כִּי תָבאוּ אֶל אֶרֶץ כְּנַעַן אֲשֶׁר אֲנִי נתֵן לָכֶם לַאֲחֻזָּה וְנָתַתִּי נֶגַע צָרַעַת בְּבֵית When you come into the Land of Canaan which I am giving to you, and I place on your house a plague… Leviticus 14:44
Rashi explains that this is actually a good thing, because the Amorites hid treasures of gold inside the walls of the houses, and because of the plague the house will be pulled down and the treasures will be found. If Rashi’s explanation is correct, then why did they first close up the house for seven days, and only afterwards remove the stones, since the appearance of the plague actually shows them where the treasure is? This is especially puzzling since, as Ramban writes, the plagues of houses and clothing were not natural occurrences — rather, they were only for the good of Israel, to reveal the treasures hidden within. So why does the Torah command to declare the place impure for the first seven days?
Now we cannot fathom the intentions of the Torah and its mitzvot, but sometimes we can see a hint of them, and we know and believe that everything that God does for us — even when He strikes us — is for the good.
But when we see now that we are stricken not only in our bodies but also in ways that distance us from God — there are no schools for the children and no yeshivas, no synagogue in which to pray as a community and no mikveh — then a feeling of doubt arises in us that even these things God does for our good. If God wants to strike us, let it be in ways that bring us closer to Him, not through the ceasing of prayer and the loss — almost a total loss — of Torah…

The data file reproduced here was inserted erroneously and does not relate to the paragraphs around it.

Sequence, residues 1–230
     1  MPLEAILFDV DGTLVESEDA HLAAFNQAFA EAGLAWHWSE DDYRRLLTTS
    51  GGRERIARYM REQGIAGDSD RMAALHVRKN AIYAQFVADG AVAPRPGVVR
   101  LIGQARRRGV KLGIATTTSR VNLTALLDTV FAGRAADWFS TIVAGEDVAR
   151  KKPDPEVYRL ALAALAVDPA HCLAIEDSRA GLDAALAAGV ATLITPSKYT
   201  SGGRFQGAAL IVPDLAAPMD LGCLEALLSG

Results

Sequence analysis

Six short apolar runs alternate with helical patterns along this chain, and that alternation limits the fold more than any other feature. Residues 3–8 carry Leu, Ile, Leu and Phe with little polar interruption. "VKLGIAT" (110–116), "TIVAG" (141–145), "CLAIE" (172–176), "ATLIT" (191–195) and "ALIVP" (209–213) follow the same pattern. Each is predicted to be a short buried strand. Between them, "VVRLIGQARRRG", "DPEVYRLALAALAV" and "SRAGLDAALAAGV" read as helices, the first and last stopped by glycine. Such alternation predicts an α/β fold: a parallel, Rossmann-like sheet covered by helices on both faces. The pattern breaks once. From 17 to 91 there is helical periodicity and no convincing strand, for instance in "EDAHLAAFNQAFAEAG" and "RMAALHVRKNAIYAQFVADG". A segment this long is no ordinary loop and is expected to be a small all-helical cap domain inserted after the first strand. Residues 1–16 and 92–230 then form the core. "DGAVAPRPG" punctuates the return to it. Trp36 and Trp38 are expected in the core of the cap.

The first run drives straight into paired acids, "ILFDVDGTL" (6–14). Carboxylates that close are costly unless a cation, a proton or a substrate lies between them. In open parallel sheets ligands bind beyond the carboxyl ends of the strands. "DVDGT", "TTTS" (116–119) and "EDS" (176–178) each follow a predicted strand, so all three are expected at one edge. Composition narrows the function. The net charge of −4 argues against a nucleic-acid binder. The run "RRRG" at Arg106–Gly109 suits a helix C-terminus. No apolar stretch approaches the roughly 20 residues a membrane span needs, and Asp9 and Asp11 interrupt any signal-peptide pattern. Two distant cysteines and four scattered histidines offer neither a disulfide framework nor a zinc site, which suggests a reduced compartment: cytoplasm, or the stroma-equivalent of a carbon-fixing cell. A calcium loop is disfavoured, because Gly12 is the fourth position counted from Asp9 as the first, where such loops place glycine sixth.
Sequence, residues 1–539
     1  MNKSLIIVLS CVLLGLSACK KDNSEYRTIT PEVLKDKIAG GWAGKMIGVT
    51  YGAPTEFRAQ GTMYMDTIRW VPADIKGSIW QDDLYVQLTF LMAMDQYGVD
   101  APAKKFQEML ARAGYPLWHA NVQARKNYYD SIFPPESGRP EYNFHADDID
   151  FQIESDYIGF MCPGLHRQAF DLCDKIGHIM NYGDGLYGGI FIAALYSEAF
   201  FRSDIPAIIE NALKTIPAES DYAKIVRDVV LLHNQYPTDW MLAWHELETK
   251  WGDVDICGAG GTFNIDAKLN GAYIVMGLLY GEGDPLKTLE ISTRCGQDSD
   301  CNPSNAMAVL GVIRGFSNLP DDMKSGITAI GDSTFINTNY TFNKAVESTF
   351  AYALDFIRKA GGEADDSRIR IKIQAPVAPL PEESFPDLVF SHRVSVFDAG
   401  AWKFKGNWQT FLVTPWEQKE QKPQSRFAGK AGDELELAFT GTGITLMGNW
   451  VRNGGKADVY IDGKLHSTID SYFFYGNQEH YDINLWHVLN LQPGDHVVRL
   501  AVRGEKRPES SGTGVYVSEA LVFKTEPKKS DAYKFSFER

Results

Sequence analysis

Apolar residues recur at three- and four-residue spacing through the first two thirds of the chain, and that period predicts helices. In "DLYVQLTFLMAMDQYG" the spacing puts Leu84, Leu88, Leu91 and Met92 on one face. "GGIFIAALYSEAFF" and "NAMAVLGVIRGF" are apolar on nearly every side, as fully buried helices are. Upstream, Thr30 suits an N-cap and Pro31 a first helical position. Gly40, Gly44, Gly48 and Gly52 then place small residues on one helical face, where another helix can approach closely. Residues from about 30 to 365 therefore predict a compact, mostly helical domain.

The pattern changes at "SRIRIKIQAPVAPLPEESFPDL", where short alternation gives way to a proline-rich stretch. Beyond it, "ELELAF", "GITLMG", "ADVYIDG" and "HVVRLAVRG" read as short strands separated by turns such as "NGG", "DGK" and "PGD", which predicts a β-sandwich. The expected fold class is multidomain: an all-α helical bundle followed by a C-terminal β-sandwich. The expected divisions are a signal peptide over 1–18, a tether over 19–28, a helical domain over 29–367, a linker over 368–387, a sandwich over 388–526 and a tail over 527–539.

Yet we see in the Torah how the house plague is impure and imparts impurity, and nevertheless God used it for the good of Israel. So the owner of the house cannot himself say that it is a plague, but only “Something like a plague has appeared to me in the house,” as the verse continues. For in truth it is a good thing which God has bestowed upon us.
Named after his great-grandfather, Kalonymus Kalman Epstein (known as the Maor VeShemesh and featured often on this site), and a descendant of such great masters as Elimelech of Lizhensk, the Seer of Lublin, and the Kozhinitzer Maggid, Kalonymus Kalmish was at once a traditionalist and a new voice within Hasidism. Faced with the rise of secularism and the deterioration of faith, he met the challenge by developing new methods of education and outreach based on valuing, connecting to, and inspiring his students — a far cry from the more common rejection of all things modern and withdrawal into the yeshiva, where rote learning and heavy-handed discipline were the norm. His writings about education and psychology are in many ways a religious parallel to those of the monumental educator Janusz Korzcak. He bears another resemblance in that, like Janusz Korzcak walking with his orphans to the gas chambers, the Piaseczner refused to abandon his hasidim, remaining with them and caring for them through the Warsaw Ghetto and Trawniki concentration camp, even though he had the opportunity to escape. He was murdered by the Nazis on November 3, 1943, in Aktion Erntefest, “Operation Harvest Festival.” Shortly before, when he saw that the end was near, he took his collected writings from the Holocaust years, entitled Esh Kodesh, “Holy Fire,” and hid them away in a canister, which was unearthed during construction in 1950 and later published in Israel. In these writings he looks unblinkingly at the suffering and evil around him, and while he rejected many traditional explanations he nevertheless never lost faith in the goodness of God, as we see in this teaching. which is at once (at least to me) inspiring and heart-breaking.
For further reading, try this English translation of Bnai Machshava Tova, a manual on living a conscious, spiritual life in the face of adversity and physical needs, or Nehemia Polen’s book, The Holy Fire: The Teachings of Rabbi Kalonymus Kalman Shapira, the Rebbe of the Warsaw Ghetto.